AUGER: APWU/ USPS Grievance Enhancement and Reduction
(This article first appeared in the March-April 2016 issue of The American Postal Worker magazine.)
You may have heard about a new grievance-arbitration program that is being tested in several areas around the country. The program, known as AUGER (APWU/USPS Grievance Enhancement and Reduction), is not a modified process like those that have existed through the years; it’s really just a re-affirmation of the language in Article 15 of the contract.
The program had its roots in South Florida in the early 2000s, when the Broward County Area Local used it to great success, reducing the arbitration backlog to next to nothing – until the USPS backed out of the process due to the success the local was having.
Later, the program resurfaced at the USPS headquarters level when it was rolled out with the National Postal Mail Handlers Union as MAPS. It too had, and continues to have, great success. In 2013, it was piloted in the Suncoast District (Tampa area) in the Clerk Craft, still known as MAPS.
In the two years since the roll-out in the Suncoast District, the arbitration backlog has gone from over 600 cases pending arbitration to less than 100. Also, the grievance appeals from Step 2 to Step 3 and direct appeals to arbitration have been reduced by over 50 percent.
After taking office as Director of Industrial Relations, I looked into the problem of arbitration backlogs nationwide, as well as the enormous number of cases that were being appealed from Step 2. I knew something had to change, and AUGER looked like something worth further investigation.
As stated above, AUGER does not change Article 15. In merely enhances it.
Under Article 15, the parties are supposed to investigate cases at Step 1, request relevant and necessary information, and obtain any other documents, statements, etc. that are necessary to prove the existence of a grievance. The same is true with AUGER.
Joint Grievance File
I realize that for many years, in most places Step 1 meetings have usually ended with management issuing rubber-stamp denials. But with AUGER, pressure will be on both parties to do their jobs so cases are properly documented if they have to be appealed to Step 2.
The parties at Step 2 will be the ones to ensure that the Step 1 parties do their jobs. They, too, will meet as they always have, but hopefully they will have better files to work with.
At the Step 2 meeting, the parties will exchange all documents and evidence as usual. If the grievance still can’t be resolved, the parties will create a Joint Grievance File (JGF). The JGF will be comprised of all the documents and evidence submitted by both parties. The parties will each identify the documents to be included in the file, and they will number the pages so that there is no dispute as to what is included in the file, thus saving the advocates from that argument at Step 3 or arbitration.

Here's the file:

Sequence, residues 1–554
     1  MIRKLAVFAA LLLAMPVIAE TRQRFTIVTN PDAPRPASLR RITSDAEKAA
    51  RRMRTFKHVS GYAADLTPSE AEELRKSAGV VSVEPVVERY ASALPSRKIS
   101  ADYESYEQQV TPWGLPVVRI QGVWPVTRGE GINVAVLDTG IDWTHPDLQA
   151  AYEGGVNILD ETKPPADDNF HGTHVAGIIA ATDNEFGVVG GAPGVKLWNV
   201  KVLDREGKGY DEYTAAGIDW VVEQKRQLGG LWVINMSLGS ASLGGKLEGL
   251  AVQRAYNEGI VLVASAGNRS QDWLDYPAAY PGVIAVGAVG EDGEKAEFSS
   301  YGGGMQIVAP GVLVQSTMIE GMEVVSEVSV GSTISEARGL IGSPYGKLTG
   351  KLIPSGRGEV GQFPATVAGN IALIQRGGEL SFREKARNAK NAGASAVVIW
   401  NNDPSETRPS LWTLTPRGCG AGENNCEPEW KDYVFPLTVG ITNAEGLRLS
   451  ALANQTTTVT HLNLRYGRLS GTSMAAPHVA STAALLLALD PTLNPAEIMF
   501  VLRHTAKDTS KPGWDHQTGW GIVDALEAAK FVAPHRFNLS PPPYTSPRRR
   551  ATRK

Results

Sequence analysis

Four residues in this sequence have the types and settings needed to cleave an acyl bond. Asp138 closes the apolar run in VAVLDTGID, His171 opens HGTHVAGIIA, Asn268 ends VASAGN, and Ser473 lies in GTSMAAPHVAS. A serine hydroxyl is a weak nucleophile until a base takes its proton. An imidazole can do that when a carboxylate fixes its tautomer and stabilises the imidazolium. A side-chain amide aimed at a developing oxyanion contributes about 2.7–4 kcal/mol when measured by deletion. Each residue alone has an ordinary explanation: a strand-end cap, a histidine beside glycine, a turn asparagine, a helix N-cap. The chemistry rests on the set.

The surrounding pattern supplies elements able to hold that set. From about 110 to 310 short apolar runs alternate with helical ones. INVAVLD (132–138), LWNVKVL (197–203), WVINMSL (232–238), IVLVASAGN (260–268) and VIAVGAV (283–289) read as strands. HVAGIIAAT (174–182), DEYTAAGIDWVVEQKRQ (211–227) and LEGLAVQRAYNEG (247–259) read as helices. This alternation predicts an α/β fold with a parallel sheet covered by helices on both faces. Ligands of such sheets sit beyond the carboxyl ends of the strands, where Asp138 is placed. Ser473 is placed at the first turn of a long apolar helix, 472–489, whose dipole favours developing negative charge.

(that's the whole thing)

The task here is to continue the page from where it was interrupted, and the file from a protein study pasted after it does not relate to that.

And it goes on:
The parties do not have to agree to what the other side is submitting. They just identify what is included in the file, and can challenge the relevance of the other side’s submission in either management’s Step 2 decision letter or in the additions and corrections the union may submit after it receives management’s decision.
Once the file is appealed to Step 3 or arbitration, the parties meet, and if the grievance is not resolved, they too can each add documents to the file. Once a decision is issued and any union additions and corrections are written, the file is “sealed.”
From that point on, the grievance file is considered final and cannot be added to or expanded beyond that point. The JGF then awaits either a pre-arb review or arbitration.
Another key element of AUGER is that both parties must adhere to the Article 15 time limits. Again, this is not anything new. It is just an enforcement of the existing contractual language in Article 15.
But it is a major key to the process. If the USPS representatives at Step 1 or Step 2 refuse to meet, the union should appeal to grievance to the next step, in accordance with the Article 15 time limits. Management then misses the opportunity to add their documents or evidence to the file.
If they fail to meet at Step 2 or provide a Step 2 decision, then the APWU Step 2 Designee simply identifies the union’s documents and evidence, numbers the pages, and follows the contractual appeal process.
What helps make the process work is that the parties at Step 2 force the parties at Step 1 to do their jobs of properly documenting the cases, and the parties at Step 3 do the same to those at Step 2. The pressure runs downhill.
Again, this is nothing new. It is what is already required by Article 15. This downhill pressure is what helps reduce the number of grievances being appealed up the line in the first place. The USPS Step 2 designees are not going to want to do all the work of researching a grievance. They will start forcing the Step 1 supervisors to do their jobs.
Does this work overnight? No, of course not. But given a short amount of time, it does work.
If the USPS representatives don’t do their job it helps us, as only our documents and evidence will be in the files and their arbitration advocates won’t be able to “build a file” the day before an arbitration hearing. The file will be what it is, without them trying to add all kinds of new evidence and arguments.
This program is being rolled out in the Suncoast District in all crafts, as well as in South Florida, Gulf-Atlantic, Atlanta, South Carolina, Mid-Carolina, Greensboro, Dallas, Fort Worth, Sierra-Nevada, and Chicago. I will be meeting with local leaders in the Northern Ohio Districts this year to discuss possible implementation.
As you can see, we are working on all fronts to get justice for our members. I will keep you updated as to our progress.